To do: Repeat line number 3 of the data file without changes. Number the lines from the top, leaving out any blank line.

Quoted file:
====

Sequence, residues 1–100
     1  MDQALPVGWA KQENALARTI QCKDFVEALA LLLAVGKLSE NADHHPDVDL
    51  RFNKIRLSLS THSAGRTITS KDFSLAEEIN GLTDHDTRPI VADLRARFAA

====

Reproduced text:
    51  RFNKIRLSLS THSAGRTITS KDFSLAEEIN GLTDHDTRPI VADLRARFAA